Powershell – Parameters (Command Line)

Background

Back on this Microsoft Powershell grind.  Need to do a quick script.

But, really stumbling….

For instance, I will like to formalize my command line parameters.  Have clean well defined names for them.

In most programming languages you end up with dummied-down numbered augment list i.e. %1 %2, etc.

But, PowerShell supports named command line arguments.

I think the way to do is:

On the try first line of your script, enter something that resembles the following:

 Param (
         [parameter(
                      Mandatory=$false
                    , position=0
                    , HelpMessage="The machines's IPAddress"
                   )
          ]

          [alias("I")]

          [string] $IPAddress = "localhost"
       )

And, you’re saying that is simple. What is the “big deal”…

That line “what is the big deal” is a line from my young niece. I was visiting her Dad’s graduation and did the simplest of things – Brought the young girl an Ice-Cream. Her Daddy kept saying she should Thank Me. Finally, she had enough, and wanted to know what is such a big deal about “Thanking her Uncle” for a $2 ice-cream.

Well in this case, PowerShell’s Language Parser is a little picky.

Samples

Sample 1:

Param (
         [ parameter(
                      Mandatory=$false
                    , position=0
                    , HelpMessage="The machines's IPAddress"
                   )
          ]

          [alias("I")]

          [string] $IPAddress = "localhost"
      )

In case, you have a space between the left braces and the parameter keyword, you will get an error message stating:

Cannot find the type for custom attribute ‘parameter’. Make sure that the assembly that contains this type is loaded.FullyQualifiedErrorId : CustomAttributeTypeNotFound

Sample 2:


Param (
         [parameter (
                      Mandatory=$false
                    , position=0
                    , HelpMessage="The machines's IPAddress"
                   )
          ]

          [alias("I")]

          [string] $IPAddress = "localhost"
       )

In case, you have a space between the parameter keyword and the left parentheses, you will get a similar error message.

Sample 3:

Param (
         [parameter (
                      Mandatory=$false
                    , position=0
                    , HelpMessage="The machines's IPAddress"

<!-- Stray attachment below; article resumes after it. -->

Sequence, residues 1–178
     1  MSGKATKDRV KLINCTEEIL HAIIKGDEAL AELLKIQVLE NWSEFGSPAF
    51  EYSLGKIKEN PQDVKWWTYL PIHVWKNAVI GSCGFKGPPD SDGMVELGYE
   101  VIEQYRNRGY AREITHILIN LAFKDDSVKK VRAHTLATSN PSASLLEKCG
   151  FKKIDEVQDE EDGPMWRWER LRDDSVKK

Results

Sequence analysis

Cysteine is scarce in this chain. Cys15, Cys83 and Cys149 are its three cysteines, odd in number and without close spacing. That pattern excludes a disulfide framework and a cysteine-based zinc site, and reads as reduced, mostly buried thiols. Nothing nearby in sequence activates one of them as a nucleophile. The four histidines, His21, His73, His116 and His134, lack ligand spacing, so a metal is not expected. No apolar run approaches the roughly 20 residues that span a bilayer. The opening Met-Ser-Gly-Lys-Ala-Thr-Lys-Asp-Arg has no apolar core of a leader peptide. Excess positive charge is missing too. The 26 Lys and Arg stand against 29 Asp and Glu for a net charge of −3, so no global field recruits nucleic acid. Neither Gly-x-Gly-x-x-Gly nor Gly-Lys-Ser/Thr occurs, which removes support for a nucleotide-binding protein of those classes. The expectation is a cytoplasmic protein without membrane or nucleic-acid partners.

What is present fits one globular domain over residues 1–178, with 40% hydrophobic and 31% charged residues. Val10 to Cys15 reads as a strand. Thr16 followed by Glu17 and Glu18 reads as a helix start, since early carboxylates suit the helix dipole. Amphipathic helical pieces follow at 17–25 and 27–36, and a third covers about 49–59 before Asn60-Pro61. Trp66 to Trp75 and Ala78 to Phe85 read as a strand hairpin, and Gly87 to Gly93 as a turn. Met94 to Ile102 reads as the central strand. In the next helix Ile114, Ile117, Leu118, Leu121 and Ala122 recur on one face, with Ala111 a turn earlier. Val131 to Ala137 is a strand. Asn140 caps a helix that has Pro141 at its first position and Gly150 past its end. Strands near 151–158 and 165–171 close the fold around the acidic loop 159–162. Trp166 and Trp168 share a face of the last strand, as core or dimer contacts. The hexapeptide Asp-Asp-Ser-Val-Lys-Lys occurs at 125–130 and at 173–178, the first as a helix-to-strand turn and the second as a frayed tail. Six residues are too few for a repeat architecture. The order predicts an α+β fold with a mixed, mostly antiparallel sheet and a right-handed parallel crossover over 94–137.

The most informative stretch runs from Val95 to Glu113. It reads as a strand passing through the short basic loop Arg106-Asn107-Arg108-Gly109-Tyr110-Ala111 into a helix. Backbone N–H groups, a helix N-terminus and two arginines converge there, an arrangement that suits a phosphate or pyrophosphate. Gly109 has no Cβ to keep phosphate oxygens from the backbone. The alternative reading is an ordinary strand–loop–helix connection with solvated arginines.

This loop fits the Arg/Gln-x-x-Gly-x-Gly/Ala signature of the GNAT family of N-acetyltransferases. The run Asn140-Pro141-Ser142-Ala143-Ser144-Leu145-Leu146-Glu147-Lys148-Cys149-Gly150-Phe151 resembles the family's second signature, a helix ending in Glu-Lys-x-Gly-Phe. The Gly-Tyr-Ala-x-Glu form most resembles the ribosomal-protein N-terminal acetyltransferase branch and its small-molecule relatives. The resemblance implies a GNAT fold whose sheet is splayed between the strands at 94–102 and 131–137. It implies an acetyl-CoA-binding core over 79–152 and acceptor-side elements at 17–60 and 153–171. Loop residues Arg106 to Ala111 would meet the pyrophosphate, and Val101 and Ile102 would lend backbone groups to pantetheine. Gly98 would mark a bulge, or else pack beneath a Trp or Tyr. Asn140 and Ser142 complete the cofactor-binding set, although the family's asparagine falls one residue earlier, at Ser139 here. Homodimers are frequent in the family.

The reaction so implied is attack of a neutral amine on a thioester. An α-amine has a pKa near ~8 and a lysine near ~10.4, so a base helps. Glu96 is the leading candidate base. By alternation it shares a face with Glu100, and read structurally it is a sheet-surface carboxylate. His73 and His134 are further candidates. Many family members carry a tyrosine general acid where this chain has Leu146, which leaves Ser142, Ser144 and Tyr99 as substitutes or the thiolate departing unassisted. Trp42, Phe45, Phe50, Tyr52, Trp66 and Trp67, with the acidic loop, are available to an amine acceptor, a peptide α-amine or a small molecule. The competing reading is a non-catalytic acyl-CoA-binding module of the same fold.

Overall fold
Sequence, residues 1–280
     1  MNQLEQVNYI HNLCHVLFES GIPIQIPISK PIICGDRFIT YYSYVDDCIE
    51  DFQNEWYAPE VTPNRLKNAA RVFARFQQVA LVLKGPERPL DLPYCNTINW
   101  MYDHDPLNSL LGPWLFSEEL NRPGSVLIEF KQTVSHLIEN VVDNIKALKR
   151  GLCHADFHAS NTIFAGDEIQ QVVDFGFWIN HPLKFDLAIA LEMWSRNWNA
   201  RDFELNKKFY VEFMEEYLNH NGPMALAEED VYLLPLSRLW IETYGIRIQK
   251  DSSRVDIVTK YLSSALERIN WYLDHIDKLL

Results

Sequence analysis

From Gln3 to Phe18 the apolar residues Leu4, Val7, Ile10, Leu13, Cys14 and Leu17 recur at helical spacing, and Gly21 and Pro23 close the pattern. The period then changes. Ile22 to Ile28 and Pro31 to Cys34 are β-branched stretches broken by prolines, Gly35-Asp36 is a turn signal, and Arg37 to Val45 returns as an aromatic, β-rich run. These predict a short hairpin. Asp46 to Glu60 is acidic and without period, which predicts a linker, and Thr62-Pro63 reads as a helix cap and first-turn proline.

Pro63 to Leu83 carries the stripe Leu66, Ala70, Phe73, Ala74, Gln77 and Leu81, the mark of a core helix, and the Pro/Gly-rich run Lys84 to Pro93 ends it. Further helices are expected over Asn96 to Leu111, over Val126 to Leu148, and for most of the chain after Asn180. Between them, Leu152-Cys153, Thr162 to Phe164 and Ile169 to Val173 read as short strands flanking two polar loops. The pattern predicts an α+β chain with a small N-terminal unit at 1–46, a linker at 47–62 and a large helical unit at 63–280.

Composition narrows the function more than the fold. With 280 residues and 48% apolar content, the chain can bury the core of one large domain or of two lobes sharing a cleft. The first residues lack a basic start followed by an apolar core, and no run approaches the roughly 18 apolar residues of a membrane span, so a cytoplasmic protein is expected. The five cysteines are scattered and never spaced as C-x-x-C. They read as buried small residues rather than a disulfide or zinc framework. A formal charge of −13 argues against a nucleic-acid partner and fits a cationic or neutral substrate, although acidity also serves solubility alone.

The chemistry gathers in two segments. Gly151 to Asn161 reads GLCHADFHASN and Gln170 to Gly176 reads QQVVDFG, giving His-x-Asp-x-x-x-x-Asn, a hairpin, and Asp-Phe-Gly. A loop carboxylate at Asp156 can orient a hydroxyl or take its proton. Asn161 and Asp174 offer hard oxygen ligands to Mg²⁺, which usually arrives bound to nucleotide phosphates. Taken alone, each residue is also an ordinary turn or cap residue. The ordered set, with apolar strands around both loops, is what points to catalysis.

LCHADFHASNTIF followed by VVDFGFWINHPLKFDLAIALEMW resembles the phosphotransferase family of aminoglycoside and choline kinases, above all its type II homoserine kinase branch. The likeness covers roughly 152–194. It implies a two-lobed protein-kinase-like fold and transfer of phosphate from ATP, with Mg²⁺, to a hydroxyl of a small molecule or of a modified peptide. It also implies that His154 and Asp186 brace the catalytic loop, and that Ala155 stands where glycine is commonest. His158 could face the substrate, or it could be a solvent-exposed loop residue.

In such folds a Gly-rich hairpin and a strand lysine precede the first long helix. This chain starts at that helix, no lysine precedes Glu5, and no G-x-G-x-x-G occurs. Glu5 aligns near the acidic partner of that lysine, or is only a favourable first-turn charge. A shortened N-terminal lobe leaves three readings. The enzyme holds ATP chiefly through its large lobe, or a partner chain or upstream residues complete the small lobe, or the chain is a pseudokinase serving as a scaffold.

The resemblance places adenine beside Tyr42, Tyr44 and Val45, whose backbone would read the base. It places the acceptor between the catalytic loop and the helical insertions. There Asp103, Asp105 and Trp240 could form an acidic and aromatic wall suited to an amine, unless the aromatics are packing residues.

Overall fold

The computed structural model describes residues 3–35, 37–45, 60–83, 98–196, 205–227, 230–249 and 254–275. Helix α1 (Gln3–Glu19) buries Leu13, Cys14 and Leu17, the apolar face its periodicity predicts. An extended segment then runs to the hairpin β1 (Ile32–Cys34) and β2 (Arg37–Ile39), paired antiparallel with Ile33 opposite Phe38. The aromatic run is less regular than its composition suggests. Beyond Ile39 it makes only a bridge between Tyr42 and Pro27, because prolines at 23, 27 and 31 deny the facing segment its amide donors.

)
          ]

          [alias("IP")]

          [string] $IPAddress = "localhost"

    )

In case, you try to get a bit fancy with your Alias names.

For being fanciful, you will get:

Parameter alias cannot be specified because an alias with the name ‘IP’ was defined multiple times for the command.

It seems parameter names can only be a single character.

Sample 4:

# Set Strict Mode to Version 2
 Set-StrictMode -version 2 

 Param (
         [parameter (
                      Mandatory=$false
                    , position=0
                    , HelpMessage="The machines's IPAddress"
                   )
          ]

          [alias("I")]

          [string] $IPAddress = "localhost"

     )

In case, you try to use the “Set-Strict Mode” API (Establishes and enforces coding rules in expressions, scripts, and script blocks – http://technet.microsoft.com/en-us/library/dd347614.aspx).

For trying to do, prior to establishing our command line argument structure, we get an error (such as):

Missing closing ‘)’ in expression.
It seems our main function declaration has to be the very first non-comment line.

Documentation

You’re probably saying read the “Damn Documentation…”.

I know….

But, for times such as this, when & where we are all learning together… who needs the seclusion of a private reading.

Thanks to Richard Siddaway for blogging about the same error a little over 2 years ago.  It has been a long time, but his “public notebook” helped.

On reviewing Richard’s Blog, I see that he blogged 65 items in March and 94 times in Feb 2012.  Do these guys sleep or is it just that their pens write faster than others…

References

  1. PowerShell Advanced Function Parameters http://richardspowershellblog.wordpress.com/2009/02/21/powershell-advanced-function-parameters/

Leave a Reply

Please log in using one of these methods to post your comment:

WordPress.com Logo

You are commenting using your WordPress.com account. Log Out /  Change )

Google photo

You are commenting using your Google account. Log Out /  Change )

Twitter picture

You are commenting using your Twitter account. Log Out /  Change )

Facebook photo

You are commenting using your Facebook account. Log Out /  Change )

Connecting to %s